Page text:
You Call This Garbage? Hasadna Upcycled Design Workshop Doesn't.

spoon chandelierUsed ice-cream taster spoons turn into delightful eco-inspired lamp.

It happened to me just the other night, when I was standing at the counter of the ice cream shop, trying to decide between espresso cardamum and dark chocolate (or both).  I felt guilty about my deliberation, and the consequent waste of those small plastic spoons that are used to dish out the samples.  How many of those spoons are wasted annually by indecisive ice creams eaters like myself?

But at Iceberg Ice Cream in Tel Aviv, where I was making my decision (and eventually opted for both flavors), none of the plastic spoons go to waste.  They are all carefully collected, washed, and handed over to Hasadna… where they are subsequently transformed into fun, beautiful chandeliers.

But that’s not all they make at Hasadna.

Tal Dayan and Naomi Levin, the founders of Hasadna (which means “workshop” in Hebrew) have a full line of surprising, whimsical upcycled products.  These product line, which they refer to as “You Call This Garbage?”, is in accordance with the designers’ overall philosophy:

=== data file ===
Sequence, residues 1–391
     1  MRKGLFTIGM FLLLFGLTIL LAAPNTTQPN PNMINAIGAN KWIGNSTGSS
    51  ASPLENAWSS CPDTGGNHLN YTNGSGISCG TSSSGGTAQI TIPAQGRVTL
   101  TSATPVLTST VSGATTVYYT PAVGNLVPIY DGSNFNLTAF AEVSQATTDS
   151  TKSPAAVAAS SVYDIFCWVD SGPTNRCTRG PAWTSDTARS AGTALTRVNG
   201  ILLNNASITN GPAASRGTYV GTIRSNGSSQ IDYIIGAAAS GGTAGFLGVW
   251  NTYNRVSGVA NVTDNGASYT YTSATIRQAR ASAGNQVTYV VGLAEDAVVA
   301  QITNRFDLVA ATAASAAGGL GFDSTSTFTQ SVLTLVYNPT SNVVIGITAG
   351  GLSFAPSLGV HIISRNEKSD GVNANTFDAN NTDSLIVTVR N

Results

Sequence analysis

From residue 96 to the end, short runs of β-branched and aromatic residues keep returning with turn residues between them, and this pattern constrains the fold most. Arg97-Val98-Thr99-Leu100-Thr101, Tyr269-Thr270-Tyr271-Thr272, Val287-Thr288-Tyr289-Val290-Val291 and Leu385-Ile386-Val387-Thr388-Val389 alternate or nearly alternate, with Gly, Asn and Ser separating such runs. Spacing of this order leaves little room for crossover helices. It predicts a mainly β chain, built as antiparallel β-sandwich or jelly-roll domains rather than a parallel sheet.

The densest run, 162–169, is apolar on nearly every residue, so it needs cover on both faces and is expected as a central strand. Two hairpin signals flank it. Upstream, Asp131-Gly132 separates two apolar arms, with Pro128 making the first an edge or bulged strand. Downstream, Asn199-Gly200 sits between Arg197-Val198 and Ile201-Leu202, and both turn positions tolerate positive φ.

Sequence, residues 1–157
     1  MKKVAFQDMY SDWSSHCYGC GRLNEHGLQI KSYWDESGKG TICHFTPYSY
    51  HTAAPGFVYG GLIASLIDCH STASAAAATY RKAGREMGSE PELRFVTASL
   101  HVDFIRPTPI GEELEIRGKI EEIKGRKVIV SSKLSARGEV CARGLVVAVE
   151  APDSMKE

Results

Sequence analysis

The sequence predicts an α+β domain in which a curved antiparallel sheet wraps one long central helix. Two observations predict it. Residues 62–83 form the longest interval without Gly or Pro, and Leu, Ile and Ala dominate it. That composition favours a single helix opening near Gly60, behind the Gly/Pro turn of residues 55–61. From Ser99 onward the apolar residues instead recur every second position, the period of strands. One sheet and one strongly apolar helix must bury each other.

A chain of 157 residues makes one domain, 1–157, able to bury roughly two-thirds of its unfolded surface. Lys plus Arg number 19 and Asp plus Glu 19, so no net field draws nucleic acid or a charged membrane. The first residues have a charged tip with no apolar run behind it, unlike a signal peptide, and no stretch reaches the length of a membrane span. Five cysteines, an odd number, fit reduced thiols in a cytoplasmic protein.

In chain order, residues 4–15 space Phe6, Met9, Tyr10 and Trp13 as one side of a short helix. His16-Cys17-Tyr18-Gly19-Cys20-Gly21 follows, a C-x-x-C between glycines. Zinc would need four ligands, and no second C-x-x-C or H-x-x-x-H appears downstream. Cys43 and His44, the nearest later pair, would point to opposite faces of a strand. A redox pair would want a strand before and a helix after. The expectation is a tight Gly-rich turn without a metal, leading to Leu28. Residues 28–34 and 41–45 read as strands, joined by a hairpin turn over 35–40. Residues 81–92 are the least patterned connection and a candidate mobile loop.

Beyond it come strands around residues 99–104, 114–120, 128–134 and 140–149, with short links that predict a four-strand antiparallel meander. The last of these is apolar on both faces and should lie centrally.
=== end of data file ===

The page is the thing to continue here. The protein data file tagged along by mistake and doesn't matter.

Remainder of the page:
Life is short and it is happening now.  We deserve to wake up in the morning and get excited about a new day, do what we love, rest when we’re tired, be thankful for what we have… and smile.

Other great upcycled products from Hasadna include the fruit bowl, above, which is made out of an old phone book.  The yellow pages complement the green apples nicely.

The wine cork noticeboard, to the right, is another one of the workshop’s products.  No two noticeboards are alike because different wine corks are used, and the frames are all different since they’re selected from flea markets.

Can’t get enough of Hasadna?  Their t-shirt designs featuring positive messages will be participating in the annual T Market in Tel Aviv today, tomorrow and on Monday.

Can’t get enough upcycled design?  Keep reading::

Ten Sustainable Israeli Designers Who Reduce, Reuse & Recycle

Lebanese Designer Ziad Ghanem Creates Recycled Couture

“Waste Lb” Design Company Encourages Lebanese to Waste Fewer Plastic Bags

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